19. Michael says:

    I don’t know. It’s a good idea, but it will not work. Some people are so cheap(for some it’s a disease) that they will stop buying things just to save on taxes. I’m talking about the people that get off on being cheap. The one’s that die a millionaire, but were living on 30,000 a year.

    Bottom line, the corporations have to realize the destruction it brings by avoiding taxes. Who will finance the risky innovation? No one except govt and that’s the bottom line. A venture capitalist only invests when they have someone desperate for money who has a really great idea. Not much risk involved, compared with investing in a totally new technology or creating a new market, which the govt ends up having to do. People with immense capital for investing do not take major risks. So the end result of inversion is a slow down in innovation. It will hurt everyone in the end.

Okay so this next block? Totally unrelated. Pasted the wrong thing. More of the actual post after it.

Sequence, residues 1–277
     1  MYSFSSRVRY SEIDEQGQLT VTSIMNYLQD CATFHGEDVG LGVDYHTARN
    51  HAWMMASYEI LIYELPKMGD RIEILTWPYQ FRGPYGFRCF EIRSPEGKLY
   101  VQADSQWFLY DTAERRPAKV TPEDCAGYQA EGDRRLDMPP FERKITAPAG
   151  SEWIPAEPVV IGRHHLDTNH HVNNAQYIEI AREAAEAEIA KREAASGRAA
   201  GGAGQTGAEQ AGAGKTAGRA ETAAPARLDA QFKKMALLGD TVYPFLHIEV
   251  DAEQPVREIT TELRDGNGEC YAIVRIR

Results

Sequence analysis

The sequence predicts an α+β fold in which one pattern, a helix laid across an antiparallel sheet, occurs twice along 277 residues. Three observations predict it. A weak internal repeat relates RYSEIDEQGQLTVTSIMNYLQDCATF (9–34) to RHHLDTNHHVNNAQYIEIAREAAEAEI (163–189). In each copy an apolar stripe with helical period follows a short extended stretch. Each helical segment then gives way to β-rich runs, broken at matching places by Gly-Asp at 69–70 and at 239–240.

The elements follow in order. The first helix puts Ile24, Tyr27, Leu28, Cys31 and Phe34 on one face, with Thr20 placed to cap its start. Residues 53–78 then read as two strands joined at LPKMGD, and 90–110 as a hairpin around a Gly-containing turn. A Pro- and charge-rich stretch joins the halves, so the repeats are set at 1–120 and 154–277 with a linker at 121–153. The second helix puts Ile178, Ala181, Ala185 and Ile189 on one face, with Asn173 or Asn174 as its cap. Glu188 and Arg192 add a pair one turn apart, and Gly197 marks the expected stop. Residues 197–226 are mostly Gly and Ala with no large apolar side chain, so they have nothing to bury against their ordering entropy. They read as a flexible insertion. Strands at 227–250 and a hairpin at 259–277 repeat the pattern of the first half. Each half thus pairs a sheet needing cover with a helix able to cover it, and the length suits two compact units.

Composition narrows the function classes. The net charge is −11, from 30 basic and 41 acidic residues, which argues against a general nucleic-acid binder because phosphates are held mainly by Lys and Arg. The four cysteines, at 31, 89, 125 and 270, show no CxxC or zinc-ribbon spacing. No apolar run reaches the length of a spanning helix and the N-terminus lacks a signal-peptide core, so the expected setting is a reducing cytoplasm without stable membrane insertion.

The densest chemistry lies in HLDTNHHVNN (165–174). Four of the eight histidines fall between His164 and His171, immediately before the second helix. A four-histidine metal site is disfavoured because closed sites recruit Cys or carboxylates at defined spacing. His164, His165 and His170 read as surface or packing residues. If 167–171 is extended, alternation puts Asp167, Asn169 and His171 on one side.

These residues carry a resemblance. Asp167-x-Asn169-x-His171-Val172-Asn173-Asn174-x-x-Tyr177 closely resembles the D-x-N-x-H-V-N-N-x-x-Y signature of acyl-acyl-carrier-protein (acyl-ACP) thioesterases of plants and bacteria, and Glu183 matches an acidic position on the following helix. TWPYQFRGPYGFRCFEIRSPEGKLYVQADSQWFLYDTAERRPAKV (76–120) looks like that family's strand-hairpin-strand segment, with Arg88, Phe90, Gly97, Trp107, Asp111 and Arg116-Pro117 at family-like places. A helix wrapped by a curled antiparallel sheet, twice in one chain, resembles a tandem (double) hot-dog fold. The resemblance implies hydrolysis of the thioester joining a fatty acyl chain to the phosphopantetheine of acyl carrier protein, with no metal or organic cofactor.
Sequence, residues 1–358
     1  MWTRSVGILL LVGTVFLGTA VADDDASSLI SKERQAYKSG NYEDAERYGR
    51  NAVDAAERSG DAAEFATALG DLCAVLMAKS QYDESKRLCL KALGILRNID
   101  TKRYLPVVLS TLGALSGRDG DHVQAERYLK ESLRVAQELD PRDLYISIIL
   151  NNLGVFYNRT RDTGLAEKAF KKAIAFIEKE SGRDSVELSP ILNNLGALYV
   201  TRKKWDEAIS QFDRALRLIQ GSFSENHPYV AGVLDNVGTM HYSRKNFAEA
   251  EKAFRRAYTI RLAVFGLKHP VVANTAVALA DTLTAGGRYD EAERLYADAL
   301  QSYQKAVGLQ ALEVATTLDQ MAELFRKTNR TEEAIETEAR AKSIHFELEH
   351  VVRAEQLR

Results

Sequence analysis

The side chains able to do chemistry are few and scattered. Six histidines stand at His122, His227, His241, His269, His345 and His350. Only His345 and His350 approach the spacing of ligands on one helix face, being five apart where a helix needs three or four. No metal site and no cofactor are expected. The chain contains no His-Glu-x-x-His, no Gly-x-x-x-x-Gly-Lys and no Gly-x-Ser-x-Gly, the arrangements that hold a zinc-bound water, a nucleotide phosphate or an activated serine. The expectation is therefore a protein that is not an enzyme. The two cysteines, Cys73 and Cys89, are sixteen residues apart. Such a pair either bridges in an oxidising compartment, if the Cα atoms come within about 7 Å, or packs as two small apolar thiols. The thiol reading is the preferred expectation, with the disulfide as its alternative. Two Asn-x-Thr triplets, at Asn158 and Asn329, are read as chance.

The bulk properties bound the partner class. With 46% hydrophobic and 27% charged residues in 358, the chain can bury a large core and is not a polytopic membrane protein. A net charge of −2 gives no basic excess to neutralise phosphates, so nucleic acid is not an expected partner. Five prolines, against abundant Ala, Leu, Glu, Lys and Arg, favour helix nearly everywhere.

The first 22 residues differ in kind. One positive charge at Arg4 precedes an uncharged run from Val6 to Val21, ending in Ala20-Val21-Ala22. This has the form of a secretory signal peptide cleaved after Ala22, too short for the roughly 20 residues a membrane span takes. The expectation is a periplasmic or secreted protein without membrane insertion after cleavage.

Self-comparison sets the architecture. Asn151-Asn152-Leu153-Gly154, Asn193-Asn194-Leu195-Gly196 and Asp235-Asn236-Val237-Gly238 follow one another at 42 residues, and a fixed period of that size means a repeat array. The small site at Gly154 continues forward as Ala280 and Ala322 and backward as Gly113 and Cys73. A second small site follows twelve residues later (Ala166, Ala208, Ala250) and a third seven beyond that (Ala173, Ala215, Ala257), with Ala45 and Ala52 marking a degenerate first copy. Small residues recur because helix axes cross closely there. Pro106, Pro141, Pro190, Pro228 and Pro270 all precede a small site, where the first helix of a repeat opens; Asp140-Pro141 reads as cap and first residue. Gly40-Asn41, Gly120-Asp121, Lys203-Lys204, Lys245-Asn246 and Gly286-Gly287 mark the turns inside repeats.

grim says:
    September 14, 2014 at 7:50 am
    If we can’t effectively collect the necessary taxes by basing the calculations on income, perhaps then we should simply tax consumption instead?

  20. Michael says:

    This is applies to many that participate on this blog. Ideology is preventing you from understanding. For some of you, it might be too late for you. Your obsession with ideology will prevent you from ever understanding this. You hate govt and taxes. You only see one way. You believe private enterprise is the only thing that brings value to the economy and country. Too bad that you will never ever realize just how wrong you really are.